BERLIN — Despite a weak year behind them, retailers in Germany and neighboring European countries started the fall season in a positive frame of mind. As was made clear during the Berlin Fashion Week runway and trade fairs, Jan. 18 to 22, Germany’s capital is becoming a key communications center for the region’s fashion industry. The 10 trade shows spanned commercial, contemporary, denim and sportswear, as well as niche concepts such as sustainable, plus-size and children’s fashion, attracting interest beyond the German borders.
Starting a day earlier than Berlin’s nine other fairs, Verena Malta, chief executive officer at Show & Order said: “We wanted to give our buyers the opportunity to come see our collections before the hectic other fairs kick in and we had a great start,” while looking at aisles packed with visitors on Monday morning.
Visitors also lined up for the main fairs Panorama and Premium on Tuesday, with both events seeing many first-time buyers and fashion professionals.
“We are in Berlin for the first time because it becomes more and more important as a preparation for our orders. The fairs are a good communication platform for inspiration and to discover new brands early,” said Ellen Schoser, co-owner and chief buyer of Modehaus Schoser in Trochtelfingen, at Premium. “As it is the season’s kickoff and we’ve just arrived, it’s difficult to define trends yet, but we’re looking for a lot of cashmere and coats.”
Barbara Wiedemann-Fröhlich, owner and director of Vis-a-Vis in Krombach, noted, “Premium is good for us as a boutique because of all the individual labels. We are looking for elegant, sporty lines that are functional with a lot of fur and cashmere for the coming season.
At Panorama, a buyer from Matzen GmbH, parent of several multibrand stores in Schleswig-Holstein, agreed. “We’re here for the first time because Berlin is becoming more important as an inspiration hub and a place to discover new things. Consumers are less focused on brands and care more about the product, so we have to choose more carefully. For the coming fall season, we are mostly looking for good cashmere and knits.”
Another retailer, Gianluca Leuzzi, owner of Maesano in Rome, said, “It’s our first time in Berlin and it’s very interesting. We are here to complete our scope of the fashion markets, meet new agents from all over Europe and maybe buy something. Besides the fairs, we will also look at some runway shows.”
“Berlin is becoming important as an access point to the German and the Scandinavian markets as there are a lot of important brands, buyers and professionals from these regions. I’m here for the first time but plan to come every season now,” said a London-based account executive of Nuorder, a wholesale/e-commerce concern.
A spokesman for PME Legend emphasized the importance of a presence in Germany: “If you want to be in the D-A-CH region [Germany, Austria, Switzerland] and the Nordic markets, you have to be here…mainly to get in touch with buyers and prepare orders.”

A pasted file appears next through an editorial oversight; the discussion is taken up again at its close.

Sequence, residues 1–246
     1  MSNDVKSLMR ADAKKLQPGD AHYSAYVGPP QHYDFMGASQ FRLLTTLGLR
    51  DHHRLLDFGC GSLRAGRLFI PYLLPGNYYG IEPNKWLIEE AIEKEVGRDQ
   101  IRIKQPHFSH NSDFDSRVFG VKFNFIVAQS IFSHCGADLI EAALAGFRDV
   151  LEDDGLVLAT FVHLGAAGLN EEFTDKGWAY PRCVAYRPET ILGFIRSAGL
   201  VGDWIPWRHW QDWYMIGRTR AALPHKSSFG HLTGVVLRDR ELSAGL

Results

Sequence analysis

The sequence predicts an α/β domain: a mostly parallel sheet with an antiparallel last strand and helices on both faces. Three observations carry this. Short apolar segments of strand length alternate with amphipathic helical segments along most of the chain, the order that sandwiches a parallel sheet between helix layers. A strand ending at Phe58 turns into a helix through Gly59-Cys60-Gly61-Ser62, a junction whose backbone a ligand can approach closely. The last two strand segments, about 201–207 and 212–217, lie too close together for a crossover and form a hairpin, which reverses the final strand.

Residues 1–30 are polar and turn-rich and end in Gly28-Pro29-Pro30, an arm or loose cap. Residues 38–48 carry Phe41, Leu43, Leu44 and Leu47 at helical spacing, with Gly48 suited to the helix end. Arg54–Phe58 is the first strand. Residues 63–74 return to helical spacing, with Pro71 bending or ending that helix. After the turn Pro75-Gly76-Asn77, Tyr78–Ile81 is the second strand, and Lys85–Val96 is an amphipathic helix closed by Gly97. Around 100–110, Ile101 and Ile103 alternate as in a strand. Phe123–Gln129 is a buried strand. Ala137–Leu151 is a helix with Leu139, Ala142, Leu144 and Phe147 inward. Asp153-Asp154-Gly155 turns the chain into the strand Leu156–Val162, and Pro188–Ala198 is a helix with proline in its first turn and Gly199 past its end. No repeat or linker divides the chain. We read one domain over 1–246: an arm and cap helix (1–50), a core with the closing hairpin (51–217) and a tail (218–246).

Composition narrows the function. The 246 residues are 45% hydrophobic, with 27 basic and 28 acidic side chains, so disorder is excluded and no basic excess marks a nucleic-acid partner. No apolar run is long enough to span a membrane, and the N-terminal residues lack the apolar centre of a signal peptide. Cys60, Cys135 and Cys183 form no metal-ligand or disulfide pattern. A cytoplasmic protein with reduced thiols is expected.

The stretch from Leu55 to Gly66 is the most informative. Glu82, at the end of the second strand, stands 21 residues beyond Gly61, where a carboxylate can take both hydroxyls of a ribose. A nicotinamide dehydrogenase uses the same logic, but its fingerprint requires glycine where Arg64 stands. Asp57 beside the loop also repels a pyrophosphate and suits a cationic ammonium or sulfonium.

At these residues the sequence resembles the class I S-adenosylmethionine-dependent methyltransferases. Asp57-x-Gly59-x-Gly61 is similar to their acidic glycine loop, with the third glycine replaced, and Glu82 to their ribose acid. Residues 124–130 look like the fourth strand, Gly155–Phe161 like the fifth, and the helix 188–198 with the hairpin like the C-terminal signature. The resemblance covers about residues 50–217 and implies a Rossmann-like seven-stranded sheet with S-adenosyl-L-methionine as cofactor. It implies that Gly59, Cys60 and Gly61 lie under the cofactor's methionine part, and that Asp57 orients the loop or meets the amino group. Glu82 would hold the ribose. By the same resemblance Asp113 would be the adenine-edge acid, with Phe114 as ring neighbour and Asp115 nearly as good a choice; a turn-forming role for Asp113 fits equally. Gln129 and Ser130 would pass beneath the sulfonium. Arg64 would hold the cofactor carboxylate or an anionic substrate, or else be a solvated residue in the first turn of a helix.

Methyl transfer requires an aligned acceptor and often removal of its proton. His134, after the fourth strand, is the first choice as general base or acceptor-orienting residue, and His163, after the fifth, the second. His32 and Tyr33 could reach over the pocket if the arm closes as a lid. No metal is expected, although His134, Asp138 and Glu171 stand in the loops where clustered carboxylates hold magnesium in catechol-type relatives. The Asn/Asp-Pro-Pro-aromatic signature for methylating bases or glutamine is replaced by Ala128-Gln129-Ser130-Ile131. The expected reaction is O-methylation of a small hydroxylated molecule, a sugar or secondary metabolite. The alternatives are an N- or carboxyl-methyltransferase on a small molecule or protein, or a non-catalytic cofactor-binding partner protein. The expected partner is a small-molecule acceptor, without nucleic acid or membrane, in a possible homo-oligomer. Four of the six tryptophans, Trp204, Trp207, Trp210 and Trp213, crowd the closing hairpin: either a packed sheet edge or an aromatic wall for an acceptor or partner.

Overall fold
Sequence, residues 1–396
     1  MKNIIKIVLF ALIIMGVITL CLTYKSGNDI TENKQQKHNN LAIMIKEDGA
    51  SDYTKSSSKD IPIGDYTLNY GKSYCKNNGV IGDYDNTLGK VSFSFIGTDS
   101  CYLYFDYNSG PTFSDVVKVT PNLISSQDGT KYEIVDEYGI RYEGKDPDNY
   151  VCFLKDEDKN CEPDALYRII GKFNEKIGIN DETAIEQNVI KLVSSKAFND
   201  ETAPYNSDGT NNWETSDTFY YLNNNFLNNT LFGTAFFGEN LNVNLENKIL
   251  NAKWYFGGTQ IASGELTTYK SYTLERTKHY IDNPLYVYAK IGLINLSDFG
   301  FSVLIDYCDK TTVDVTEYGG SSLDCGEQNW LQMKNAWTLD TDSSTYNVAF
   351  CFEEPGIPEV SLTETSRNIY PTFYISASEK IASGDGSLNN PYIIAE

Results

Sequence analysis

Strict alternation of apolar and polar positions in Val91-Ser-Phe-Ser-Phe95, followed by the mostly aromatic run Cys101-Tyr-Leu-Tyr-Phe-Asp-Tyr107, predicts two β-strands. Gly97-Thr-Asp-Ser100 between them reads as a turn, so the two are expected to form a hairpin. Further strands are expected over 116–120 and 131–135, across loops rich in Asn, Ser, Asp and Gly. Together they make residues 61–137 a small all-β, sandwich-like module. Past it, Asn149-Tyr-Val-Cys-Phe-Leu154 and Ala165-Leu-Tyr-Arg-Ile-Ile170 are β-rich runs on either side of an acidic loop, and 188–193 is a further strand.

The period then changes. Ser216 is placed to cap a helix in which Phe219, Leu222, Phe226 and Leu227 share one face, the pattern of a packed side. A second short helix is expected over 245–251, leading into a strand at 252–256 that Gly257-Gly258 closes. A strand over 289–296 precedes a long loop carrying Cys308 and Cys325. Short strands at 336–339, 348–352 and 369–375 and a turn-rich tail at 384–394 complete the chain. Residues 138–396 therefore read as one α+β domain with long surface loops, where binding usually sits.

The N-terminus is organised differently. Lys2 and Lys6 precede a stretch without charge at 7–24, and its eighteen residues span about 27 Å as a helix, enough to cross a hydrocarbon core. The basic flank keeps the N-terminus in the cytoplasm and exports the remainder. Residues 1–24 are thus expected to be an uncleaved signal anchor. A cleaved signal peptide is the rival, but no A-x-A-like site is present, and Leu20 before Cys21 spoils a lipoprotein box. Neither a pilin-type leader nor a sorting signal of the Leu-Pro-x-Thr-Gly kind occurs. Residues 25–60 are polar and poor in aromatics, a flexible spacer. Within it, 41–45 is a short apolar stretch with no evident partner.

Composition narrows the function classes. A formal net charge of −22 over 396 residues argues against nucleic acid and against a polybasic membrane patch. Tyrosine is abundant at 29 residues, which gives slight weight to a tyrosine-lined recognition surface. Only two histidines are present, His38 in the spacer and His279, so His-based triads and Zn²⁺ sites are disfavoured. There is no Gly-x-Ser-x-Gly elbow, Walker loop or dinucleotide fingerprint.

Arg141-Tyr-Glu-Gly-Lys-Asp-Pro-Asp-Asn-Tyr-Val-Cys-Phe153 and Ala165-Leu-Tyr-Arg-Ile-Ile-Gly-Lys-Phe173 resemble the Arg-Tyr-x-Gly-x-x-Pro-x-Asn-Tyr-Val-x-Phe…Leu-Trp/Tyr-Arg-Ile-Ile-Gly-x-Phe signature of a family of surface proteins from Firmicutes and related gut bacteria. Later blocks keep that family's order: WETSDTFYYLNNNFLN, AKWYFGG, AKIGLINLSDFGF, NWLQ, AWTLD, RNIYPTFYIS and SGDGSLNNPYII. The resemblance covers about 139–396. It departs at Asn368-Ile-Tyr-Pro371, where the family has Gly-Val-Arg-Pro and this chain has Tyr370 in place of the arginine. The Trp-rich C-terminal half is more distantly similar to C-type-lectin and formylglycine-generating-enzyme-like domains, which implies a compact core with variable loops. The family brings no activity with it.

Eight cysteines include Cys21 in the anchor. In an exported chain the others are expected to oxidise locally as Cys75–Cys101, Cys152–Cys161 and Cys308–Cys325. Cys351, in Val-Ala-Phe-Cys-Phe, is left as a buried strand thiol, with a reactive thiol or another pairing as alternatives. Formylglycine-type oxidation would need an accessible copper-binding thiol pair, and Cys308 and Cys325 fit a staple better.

As filtered content and the lifestyle around clothes become more relevant, all major fairs have established special sections: Panorama introduced “Nova Concept,” a platform for curated fashion and lifestyle, while Show & Order installed “Soo…trendy,” a section based on concept stores to show emerging brands. Premium added “Activewear” and “Power Retail” departments, and further profiled its #Fashiontech appearance with tech brands and a conference.
Other niche concepts like Greenshowroom and Ethical Fashion Show, both produced by Messe Frankfurt with an emphasis on sustainability; as well as Seek, Bright and Selvedge Run, a fair aiming to fill the gap of denim and raw handcrafted goods left since the closure of Bread & Butter, also saw a rise in interest.
Bernd Müller, project director at Messe Frankfurt, said: “Sustainable fashion is becoming a matter for conventional retailers as consumers are becoming more inquisitive about the roots of their clothes. A year ago, only 20 percent of our buyers came from non-eco stores, now it’s about 50 to 60 percent, and orders are increasing, too.” The expos host 166 international eco-conscious fashion brands.
“The interest in sustainable fashion is growing, we have more customers every day and have opened a second store,” said Felix Halder, owner and chief buyer of the Fairtragen shops in Bremen. “But there’s also more good supply. When we started eight years ago, we had to search for labels that were wearable. For the past five years, I’ve been swamped with offers that are good and potentially interesting, and now I really have to filter.”
At Selvedge Run, Fredy Vuille, buyer for VMC in Zürich, a player on the international denim scene, said as he was placing an order at Indigo People: “I don’t care where the fair is, I have to come because of the brands. I’m only visiting Selvedge Run in Berlin, and I have to say that the fair has improved extremely. As for trends, for us, it’s going in a more comfortable direction with wider cuts, but at the moment, skinny still sells well. But we’re working to change that.”